Computing has moved beyond data entry and data processing. However, we still think of computers from that perspective. That’s what we grew up with, it’s what we know. What we also know is that computers are now primarily used as communication devices. We communicate with each other via computers. Not just “a” computer, but multiple computers. Optimizing the efficiency of data processing (data entry, storage, retrieval and calculation) is no longer the focus. We are instead trying to optimize the conveyance and construction of ideas between people. Therefore we need to be sensitive to the idiosyncrasies of people in relation to each other and of the effects of the tools on those relations.
“It took a long time, but as computers became more powerful and we learned more about how people used them, eventually, we started catching on to the idea that, instead of designing software to work in the fashion that works best for the machine, we could design software to work in the fashion that works best for the people who use it…” (Jesse James Garett). We are still learning how to do this. We have many bad habits to unlearn.
I see the iPhone, iPod Touch and the iPad as the first significant steps in this direction. We are finally moving beyond the desktop/file cabinet metaphors and developing new ones. Naturally, there will be resistance from those with vested interests in the old paradigms and those who have trouble managing change. Physical tools have an important characteristic that computer applications don’t have: you can see them. That is, the tool and its interface can be seen as separate entities. A computer application has only its interface to present to its user. There is no material object a person can look at to gain clues as to the application’s purpose or operation. This means an application’s interface carries a heavy burden. It needs to convey its purpose and operation in a language its users understand without the benefit of a physical presence.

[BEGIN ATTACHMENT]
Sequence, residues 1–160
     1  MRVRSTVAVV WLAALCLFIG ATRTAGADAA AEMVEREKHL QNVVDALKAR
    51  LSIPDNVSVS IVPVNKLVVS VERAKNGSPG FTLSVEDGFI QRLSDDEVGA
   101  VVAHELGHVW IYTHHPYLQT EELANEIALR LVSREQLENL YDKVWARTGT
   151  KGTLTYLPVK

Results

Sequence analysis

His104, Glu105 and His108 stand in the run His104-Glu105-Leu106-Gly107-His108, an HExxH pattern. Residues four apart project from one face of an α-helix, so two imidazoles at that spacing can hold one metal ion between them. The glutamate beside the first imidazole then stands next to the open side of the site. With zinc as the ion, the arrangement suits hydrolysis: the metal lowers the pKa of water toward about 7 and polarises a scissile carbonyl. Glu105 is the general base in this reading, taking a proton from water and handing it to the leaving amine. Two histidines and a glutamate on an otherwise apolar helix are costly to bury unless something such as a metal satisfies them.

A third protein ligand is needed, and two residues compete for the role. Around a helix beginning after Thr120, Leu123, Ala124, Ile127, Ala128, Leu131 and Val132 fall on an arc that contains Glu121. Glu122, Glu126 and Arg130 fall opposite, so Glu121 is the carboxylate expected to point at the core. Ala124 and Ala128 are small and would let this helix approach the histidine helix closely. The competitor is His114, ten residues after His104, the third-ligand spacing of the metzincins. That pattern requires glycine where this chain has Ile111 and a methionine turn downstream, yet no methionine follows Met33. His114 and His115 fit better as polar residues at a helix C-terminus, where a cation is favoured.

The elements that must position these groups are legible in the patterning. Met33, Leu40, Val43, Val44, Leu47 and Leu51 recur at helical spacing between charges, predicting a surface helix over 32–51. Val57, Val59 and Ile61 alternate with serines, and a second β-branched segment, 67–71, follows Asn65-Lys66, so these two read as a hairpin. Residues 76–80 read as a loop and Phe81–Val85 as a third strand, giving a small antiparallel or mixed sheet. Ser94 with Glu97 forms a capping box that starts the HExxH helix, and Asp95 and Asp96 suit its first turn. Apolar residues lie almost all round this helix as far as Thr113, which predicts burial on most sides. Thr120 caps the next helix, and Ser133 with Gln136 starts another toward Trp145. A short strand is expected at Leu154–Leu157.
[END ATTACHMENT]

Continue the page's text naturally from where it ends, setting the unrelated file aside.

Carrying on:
The purpose of any tool, whether it is a car, can opener or computer application, is to facilitate the goals of the tool’s users. As much as possible the tool should “stay out of the way” while it mediates the task at hand. Phrased another way, the tool users should be looking at and thinking about what it is they are trying to accomplish; they should not be looking at or thinking about the tool being used for the job. A well designed tool directs cognitive effort through itself, not into itself. That is, the effort goes into an object (the thing on which the person is acting) via the tool. The tool then, is the vector that propagates the operator’s effort to produce the result in the object desired by the tool operator. The tool operator’s focus is on the goal to be accomplished, not the tool used to accomplish it. A poorly designed tool in contrast, attracts attention to itself and so distracts the person from their goal. By enabling people to focus their attention on what they are doing, the device seems to disappear. This raises the question, what causes this illusion to break?
Focussing specifically on learning, I want the ability to annotate whatever object I see on the screen. That is, just like a book, magazine, newspaper, journal article or any other physical object, I want to be able to write on it, have those writings saved automatically and re-presented automatically to me when I return to that object. The “getting ready” step should be very small, just like on paper, where one need only pick up a pencil or pen and start writing. And just like on paper these writings should be private until I decide to share them. They should also be searchable and backed up as part of any syncing process.
Where my interest comes from: http://zpd.stormlantern.ca/papers/VirtualMargin_Thesis.pdf
Teaching, and eLearning in particular, suffers from a transmission/presentation model. So far, the vast majority of digital interfaces perpetuate this flaw. As I see it, we need to move towards more of an interaction model. Where students can work more directly with their study materials. Even though it’s possible for PDFs to have annotations in them, I’d wager most people who use them don’t know that. The annotation interface does not readily lend itself to use. People who want to make annotations on such documents print them first. What I want is a device where people don’t feel the need to print PDFs in order to make annotations. What I want is an interface that is so good that writing annotations on the device is the obvious and natural thing to do.
I’m not so interested in specifications or hardware accoutrements, what I’m interested in is functionality that supports learner’s interactions with ideas, that enables them to ‘talk it out’ and develop their own thinking. We aren’t there yet. On the bright side, students are starting to make the case for it:
This entry was posted on Tuesday, February 9th, 2010 at 9:49 am and is filed under Uncategorized . You can follow any responses to this entry through the RSS 2.0 feed. Both comments and pings are currently closed.